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Behav Neurosci. 2001 Dec;115(6):1204-11.

Hippocampal-prefrontocortical circuits: PKA inhibition in the prefrontal cortex impairs delayed nonmatching in the radial maze in rats.

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Department of Psychology, Queen's University, Kingston, Ontario, Canada.


Recent findings implicate the prefrontal cortex (PFC) and, in particular, frontocortical dopamine acting at D1-like receptors, in working memory. However, the mechanisms underlying this function of dopamine remain unknown. The present studies evaluated the hypothesis that dopamine contributes to working memory through its action on the 2nd messenger cyclic 3',5'-adenosine monophosphate (cAMP) and cAMP-dependent protein kinase (PKA). Thus, rats were trained to perform random foraging or delayed (30 min) nonmatching-to-position (delayed win-shift) tasks on the radial maze. With hippocampal output to the frontal cortex disconnected by injecting lidocaine (20 microg/0.5 microl) unilaterally into the ventral subiculum, contralateral frontocortical injections of lidocaine (20 microg/0.5 microl) or the D1-like dopamine receptor antagonist SCH 23390 (0.5 microg/0.5 microl) impaired delayed win-shift but not random foraging, replicating previous findings. In similarly disconnected rats, frontocortical injections of the PKA inhibitor Rp-cAMPS (5.0 and 10.0, but not 1.0, microg/0.5 microl) selectively impaired delayed nonmatching-to-position. Results suggest that activation of the cAMP-PKA pathway by dopamine acting at D1-like receptors in the frontal cortex is necessary for working memory.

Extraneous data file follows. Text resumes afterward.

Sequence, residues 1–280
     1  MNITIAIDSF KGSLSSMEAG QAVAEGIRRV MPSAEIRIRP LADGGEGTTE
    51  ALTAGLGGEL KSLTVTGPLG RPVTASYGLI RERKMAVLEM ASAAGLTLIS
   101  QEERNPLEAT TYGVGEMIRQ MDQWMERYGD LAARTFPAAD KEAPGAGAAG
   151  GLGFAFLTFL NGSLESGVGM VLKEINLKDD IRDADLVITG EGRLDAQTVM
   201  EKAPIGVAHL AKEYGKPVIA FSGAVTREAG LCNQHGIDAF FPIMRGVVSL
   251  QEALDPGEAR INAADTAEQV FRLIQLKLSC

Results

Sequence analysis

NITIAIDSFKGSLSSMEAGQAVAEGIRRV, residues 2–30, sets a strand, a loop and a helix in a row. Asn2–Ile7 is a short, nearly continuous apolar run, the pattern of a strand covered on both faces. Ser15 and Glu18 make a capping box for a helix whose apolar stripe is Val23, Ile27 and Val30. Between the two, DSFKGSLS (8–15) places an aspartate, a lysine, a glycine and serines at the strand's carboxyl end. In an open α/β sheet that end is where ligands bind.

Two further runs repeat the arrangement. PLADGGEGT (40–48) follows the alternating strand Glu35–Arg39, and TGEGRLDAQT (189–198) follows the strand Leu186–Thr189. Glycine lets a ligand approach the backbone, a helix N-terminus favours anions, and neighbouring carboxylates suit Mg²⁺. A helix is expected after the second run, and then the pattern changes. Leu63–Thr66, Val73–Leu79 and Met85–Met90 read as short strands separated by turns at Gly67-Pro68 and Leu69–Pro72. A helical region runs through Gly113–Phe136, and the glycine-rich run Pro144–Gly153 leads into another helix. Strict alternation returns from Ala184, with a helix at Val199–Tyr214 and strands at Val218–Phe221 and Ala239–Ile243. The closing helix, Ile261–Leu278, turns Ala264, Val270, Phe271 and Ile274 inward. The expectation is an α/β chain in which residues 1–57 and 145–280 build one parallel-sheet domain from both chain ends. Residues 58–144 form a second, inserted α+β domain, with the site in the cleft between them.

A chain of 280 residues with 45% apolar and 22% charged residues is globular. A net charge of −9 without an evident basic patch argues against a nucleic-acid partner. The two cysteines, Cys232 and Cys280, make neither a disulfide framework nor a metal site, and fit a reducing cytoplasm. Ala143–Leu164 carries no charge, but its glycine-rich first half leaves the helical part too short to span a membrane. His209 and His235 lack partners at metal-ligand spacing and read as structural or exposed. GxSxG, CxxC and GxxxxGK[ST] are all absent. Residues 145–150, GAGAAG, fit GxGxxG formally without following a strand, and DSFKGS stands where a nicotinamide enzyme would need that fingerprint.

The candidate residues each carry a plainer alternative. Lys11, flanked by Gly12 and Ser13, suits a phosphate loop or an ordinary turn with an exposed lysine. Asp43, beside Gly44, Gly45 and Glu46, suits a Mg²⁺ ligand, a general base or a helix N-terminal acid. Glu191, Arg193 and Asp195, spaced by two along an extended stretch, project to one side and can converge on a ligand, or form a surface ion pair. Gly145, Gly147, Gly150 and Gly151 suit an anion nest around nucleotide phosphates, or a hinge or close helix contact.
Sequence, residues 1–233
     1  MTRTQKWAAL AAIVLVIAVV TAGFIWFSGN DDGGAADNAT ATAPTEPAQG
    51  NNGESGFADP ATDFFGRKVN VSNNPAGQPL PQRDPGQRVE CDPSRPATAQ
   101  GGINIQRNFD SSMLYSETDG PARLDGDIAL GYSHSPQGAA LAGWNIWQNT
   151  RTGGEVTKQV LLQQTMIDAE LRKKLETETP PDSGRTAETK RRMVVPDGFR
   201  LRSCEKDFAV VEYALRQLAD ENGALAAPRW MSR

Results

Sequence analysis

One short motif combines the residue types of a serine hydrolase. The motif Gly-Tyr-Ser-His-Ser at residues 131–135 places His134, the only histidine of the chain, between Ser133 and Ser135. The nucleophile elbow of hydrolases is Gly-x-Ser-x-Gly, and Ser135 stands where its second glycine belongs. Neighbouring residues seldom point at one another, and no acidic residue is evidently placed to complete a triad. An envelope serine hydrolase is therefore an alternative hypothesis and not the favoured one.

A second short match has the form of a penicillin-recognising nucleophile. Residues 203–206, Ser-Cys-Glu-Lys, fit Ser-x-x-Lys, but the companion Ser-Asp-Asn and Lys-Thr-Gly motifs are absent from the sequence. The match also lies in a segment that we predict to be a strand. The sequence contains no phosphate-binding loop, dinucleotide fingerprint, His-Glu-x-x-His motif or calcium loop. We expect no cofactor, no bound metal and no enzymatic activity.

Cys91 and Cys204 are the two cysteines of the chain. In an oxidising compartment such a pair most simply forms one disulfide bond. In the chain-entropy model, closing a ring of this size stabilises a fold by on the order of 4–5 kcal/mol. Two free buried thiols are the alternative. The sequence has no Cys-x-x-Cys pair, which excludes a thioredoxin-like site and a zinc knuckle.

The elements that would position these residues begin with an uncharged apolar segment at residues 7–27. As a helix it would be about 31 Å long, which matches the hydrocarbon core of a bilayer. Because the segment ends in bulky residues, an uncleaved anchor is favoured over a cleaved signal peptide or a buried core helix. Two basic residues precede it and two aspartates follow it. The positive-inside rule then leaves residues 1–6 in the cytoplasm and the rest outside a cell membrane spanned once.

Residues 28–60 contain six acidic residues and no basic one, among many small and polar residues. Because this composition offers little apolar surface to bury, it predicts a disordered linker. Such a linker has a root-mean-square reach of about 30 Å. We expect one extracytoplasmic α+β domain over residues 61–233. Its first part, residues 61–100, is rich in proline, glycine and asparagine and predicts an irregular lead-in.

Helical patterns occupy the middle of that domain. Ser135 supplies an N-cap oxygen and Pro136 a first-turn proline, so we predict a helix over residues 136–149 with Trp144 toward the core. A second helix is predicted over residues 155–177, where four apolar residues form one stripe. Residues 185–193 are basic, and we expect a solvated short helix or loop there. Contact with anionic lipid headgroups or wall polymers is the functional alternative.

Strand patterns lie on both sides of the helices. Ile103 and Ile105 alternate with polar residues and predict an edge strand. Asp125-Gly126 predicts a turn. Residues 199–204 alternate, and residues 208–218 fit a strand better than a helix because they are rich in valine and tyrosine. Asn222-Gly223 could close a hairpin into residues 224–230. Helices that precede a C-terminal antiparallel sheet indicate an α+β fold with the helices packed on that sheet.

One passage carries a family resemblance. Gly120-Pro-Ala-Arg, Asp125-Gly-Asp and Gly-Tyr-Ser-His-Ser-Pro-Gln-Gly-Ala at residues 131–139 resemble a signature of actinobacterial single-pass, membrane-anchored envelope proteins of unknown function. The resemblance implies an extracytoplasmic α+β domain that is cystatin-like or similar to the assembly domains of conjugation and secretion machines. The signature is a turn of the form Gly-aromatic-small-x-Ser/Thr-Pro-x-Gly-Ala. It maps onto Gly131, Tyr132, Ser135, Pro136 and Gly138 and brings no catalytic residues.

[Indexed for MEDLINE]

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